Pensions are safe, right??

(Warren Buffet)
Yet another month has passed us by and I think it is fair to say that markets in general are still struggling to find their direction.

We are of course in unprecedented times what with interest rates being virtually nothing for coming on 8 years, inflation so low, wage freezes, oil price lows etc etc so I suppose it is understandable.

The raw data is not pretty but also not a disaster either:

Dow Jones      
 Both in April and year to date there has been less than 1% movement in the Dow Jones. Bear in mind that all these companies pay dividends, any fund manager worth his salt should be in positive territory. 

 Down 2.8% in April, down 5.7% year to date. Volatile for sure and this volatility is highlighted by my bundle of four which sees all four either up or down by over 10% in the year (Facebook being the only one up, despite all four growing their revenues and profit margins)

 Flat on paper for the month of April (though was up and down like a fiddlers elbow to finish where it started), so remains 15% down of year. Those of you who watch my weekly updates have heard me speaking Japan. Whilst it cannot be ignored, it does not feature in my asset selection at the moment.

SSE (China)  
 Down 2.3% in April to continue its bad year after such an awful start, now down 17.6% in 2016. Again I have no direct exposure here

 Some positive news here, up 3.1% on the month, down 6% on the year. The QE is likely to be having some effect, and we are seeing a strengthening Euro. Have been bullish about Europe for a while and  remain so.

With the exception of the Japanese Yen which is crazy volatile ( I am sure it has made some currency traders very rich and some very poor of late), generally we are seeing Sterling and Euro slowly claw their way back against  the US dollar. As I mentioned in my video this morning, there was 4/5 % profits to be made on simple cash trades since end of February when we saw a clearly  overvalued US dollar.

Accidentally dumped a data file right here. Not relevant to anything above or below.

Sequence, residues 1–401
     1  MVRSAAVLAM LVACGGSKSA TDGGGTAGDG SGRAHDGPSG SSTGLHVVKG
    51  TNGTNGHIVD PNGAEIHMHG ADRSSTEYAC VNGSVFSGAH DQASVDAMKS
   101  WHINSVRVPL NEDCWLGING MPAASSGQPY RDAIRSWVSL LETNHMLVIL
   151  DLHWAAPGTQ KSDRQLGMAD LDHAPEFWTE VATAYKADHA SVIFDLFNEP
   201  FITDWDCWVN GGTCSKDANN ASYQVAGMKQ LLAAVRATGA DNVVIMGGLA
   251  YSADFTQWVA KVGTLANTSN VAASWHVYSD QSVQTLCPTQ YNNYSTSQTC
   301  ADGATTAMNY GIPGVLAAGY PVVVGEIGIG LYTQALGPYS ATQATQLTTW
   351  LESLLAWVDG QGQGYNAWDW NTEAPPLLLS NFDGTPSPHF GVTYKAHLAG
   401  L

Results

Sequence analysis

You will mostly all know that my thematic approach is often based around investing in companies who are a part of our every day lives and whom are likely to be a part of the lives of people who are coming out of poverty in developing worlds.

Unilever, Facebook and Apple are  “poster childs”. A few reasons why:

Unilever (whose sales rose 8.3% worldwide in the first quarter) generates approximately 60% of its revenue from the emerging markets, Paul Polman their CEO believes that number will be 90%
Facebook hopes to capture 75% of worldwide online revenue. It currently has 1.65billion users (which as there are around 4 billion with internet access is a large share). Of that 92% view on mobile devices which fits in with Apple’s growth prospects especially given they only have 2% of the Indian market right now (over 1 billion people).

To put the value of advertising through Facebook into perspective,as the average user spends 50 minutes a day on there, that is the equivalent of 157,000 years of people’s time daily, works a bit more than a tv ad I would guess.

Also to come back to my point about the 4 billion internet users, what that also means is there is abut the same number without internet access. Two billion of those people is because they have no access. Facebook, (along with Google and other big techs) are sending drones to enable this. Guess who will benefit from these new users…not rocket science is it?

Finally and whilst everyone wants to get good capital growth, make their hard earned money work hard for them etc, ultimately our roles are about Wealth Preservation and Financial Security

The recent developments with Tata and BHS pension schemes is endangering both of the above for people who simply thought they were doing the right thing.

British companies alone have an GBP800 billion hole on GBP2 trillion of pension liabilities, startling figures,  about the same as the GDP of Ireland, South Africa and the United Arab Emirates combined. Jump off the sinking ship and don’t end up like the chaps in the cartoon above.

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